We expect Bayu-Undan to be in full production in early 2004 and to peak the following year at around 100,000 barrels of liquids a day.
Monetizing the Gas
The first phase of the Bayu-Undan development is to produce the field’s petroleum liquids. The second phase of the project will deliver gas to onshore markets and possibly to a liquefied natural gas (LNG) processing facility in Darwin.
Phillips developed the world’s most advanced LNG technology, and we have been supplying product to Japan for more than 30 years from our facility in Kenai, Alaska. We would like to do a similar LNG project here if Asian markets can be developed.
As we look at the overall development of Bayu-Undan, the gas-recycle project is possible on a standalone basis. However, natural gas represents 60 percent of the resource base and is valuable in its own right. Phillips and the Joint Authority want to develop the liquids and gas simultaneously, and we are moving closer to that goal.
Producing the gas and liquids together not only would greatly enhance the value of our project, but it would also put the infrastructure in place to economically develop other Timor Sea gas reserves.
There is sufficient demand in Australia to justify a gas-development project. By the end of the decade, the country’s traditional onshore gas supplies -- those that can compete with offshore sources -- will be rapidly depleting. Bayu-Undan and other parts of the central Timor Sea will provide a new supply source and keep gas prices competitive.
We have looked at a number of options for monetizing Bayu-Undan gas -- options that have low technical risk and provide maximum flexibility as new gas markets evolve. All require constructing a 500-kilometer subsea pipeline to Darwin.
With an offshore pipeline in place, we could then facilitate the development of a national onshore pipeline system -- one that would transport gas to customers here in the Northern Territory, as well as other parts of Australia.
We are now working with two large companies to develop the pipeline infrastructure. For the subsea portion, I can confirm that we are in the final stage of exclusive negotiations with Multiplex Construction to build a primary trunk line from Bayu-Undan to Darwin.
Multiplex has the demonstrated capability to manage large projects and has aligned itself with an experienced, well-known group of sub-contractors who can assure the successful completion of a turnkey pipeline project. We believe our negotiations with Multiplex will lead to an agreement and expect to announce a project soon.
Onshore, we have formed an alliance with Epic Energy to identify potential markets outside the Northern Territory. To date, Epic has identified some 2,800 kilometers of new pipeline infrastructure in the eastern half of the country. This new system will connect to the company’s existing assets in Queensland and South Australia. This will help establish a national distribution network that can economically supply gas to the population centers of south and eastern Australia.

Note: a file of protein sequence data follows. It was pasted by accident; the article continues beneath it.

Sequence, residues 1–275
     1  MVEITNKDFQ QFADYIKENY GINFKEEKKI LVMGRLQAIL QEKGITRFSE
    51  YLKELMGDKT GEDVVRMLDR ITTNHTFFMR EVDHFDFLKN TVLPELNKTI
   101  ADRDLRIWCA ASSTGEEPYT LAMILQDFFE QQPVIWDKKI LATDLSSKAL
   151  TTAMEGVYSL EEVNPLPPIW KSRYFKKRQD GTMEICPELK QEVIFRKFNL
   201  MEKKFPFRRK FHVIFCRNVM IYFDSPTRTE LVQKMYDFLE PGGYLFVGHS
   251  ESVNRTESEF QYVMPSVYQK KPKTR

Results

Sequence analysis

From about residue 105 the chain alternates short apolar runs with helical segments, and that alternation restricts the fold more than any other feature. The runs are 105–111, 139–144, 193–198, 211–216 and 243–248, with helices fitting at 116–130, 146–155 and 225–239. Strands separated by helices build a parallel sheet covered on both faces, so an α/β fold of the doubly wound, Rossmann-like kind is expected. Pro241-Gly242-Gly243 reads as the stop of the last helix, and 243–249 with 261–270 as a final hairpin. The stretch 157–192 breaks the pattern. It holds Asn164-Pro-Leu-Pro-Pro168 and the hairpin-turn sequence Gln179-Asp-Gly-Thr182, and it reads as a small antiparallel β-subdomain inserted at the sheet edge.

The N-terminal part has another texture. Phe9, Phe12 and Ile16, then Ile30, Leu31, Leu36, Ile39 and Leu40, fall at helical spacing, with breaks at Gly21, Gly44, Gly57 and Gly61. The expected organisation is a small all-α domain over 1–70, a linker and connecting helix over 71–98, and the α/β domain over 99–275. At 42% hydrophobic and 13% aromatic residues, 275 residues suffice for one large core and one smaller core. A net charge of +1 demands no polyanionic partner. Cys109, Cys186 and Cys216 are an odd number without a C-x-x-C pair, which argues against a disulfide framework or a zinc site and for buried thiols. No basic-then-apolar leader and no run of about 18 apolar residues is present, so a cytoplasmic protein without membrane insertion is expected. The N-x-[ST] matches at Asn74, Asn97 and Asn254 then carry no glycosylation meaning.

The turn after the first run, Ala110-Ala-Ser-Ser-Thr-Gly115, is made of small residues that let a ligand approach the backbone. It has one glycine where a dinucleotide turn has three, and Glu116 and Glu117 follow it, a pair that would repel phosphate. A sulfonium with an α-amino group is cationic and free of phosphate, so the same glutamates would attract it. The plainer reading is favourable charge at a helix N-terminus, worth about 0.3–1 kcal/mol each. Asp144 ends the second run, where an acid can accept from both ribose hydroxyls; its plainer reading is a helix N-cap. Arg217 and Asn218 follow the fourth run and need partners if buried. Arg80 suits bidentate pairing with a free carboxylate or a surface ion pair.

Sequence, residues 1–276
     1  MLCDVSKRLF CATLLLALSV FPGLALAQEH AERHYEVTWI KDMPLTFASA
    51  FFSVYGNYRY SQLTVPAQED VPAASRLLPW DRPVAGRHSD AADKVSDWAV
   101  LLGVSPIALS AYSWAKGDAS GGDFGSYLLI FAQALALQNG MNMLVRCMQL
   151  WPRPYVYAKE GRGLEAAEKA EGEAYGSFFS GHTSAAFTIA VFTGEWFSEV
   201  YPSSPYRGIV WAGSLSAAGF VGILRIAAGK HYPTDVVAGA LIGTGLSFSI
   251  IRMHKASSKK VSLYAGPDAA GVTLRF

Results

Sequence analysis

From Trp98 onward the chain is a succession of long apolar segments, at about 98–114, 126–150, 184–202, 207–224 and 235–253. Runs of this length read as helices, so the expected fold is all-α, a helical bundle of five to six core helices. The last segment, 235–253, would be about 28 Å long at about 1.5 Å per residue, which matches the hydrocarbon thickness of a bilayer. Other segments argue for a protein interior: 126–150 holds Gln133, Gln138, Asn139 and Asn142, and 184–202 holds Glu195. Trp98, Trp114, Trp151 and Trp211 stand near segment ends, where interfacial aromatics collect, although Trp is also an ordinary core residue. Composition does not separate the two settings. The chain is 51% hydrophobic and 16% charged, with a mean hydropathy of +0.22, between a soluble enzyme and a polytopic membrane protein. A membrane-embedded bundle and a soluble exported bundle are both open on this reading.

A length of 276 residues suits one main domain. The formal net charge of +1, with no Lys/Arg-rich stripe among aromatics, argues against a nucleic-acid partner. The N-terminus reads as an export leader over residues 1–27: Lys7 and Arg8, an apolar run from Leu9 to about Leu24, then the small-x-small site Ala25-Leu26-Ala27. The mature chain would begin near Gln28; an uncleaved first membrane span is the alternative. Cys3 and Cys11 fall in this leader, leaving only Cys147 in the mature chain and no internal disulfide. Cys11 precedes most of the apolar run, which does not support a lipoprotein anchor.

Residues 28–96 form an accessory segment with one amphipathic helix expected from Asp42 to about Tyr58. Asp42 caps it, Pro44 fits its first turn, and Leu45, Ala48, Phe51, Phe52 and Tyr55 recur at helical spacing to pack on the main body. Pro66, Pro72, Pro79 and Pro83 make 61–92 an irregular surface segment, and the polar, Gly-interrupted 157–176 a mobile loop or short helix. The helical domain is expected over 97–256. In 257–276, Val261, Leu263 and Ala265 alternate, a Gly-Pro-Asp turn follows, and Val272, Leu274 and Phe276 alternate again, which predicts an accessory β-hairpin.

We are also pursuing markets in other parts of Australia where Timor Sea gas can effectively compete. We will announce these projects as they are approved. Because of confidentiality agreements, it is our policy to issue joint announcements only after all parties have agreed to a project.
Given the advanced status of our Bayu-Undan liquids project, as well as our work with Multiplex and Epic, customers can be assured that Phillips and its co-venturers will supply gas on schedule and at a competitive price.
The infrastructure we will build -- both offshore and onshore -- will ensure the timely development of Bayu-Undan; but just as importantly, it will be the catalyst for other companies to increase their investments in the region and develop additional markets for Timor Sea gas. Looking ahead, it is conceivable that our subsea pipeline could be expanded to include other fields, such as Greater Sunrise, Evans Shoal and Petrel-Tern, as well as new discoveries east and west of the Zone of Cooperation. This would increase the value of Timor Sea gas to all stakeholders.
Overcoming the Challenges
The Timor Sea offers enormous opportunities to contracting nations and producers alike, but it also presents some challenges. As we go forward, there are several issues of particular significance that must be addressed.
One is the intense competition for long-term gas markets. For the Timor Sea to be a successful, commercial development, all of us must work cooperatively to deliver low-cost gas supplies. The global competition for gas markets is intense. Unless Timor Sea gas can be delivered at a competitive price, other projects will capture these markets.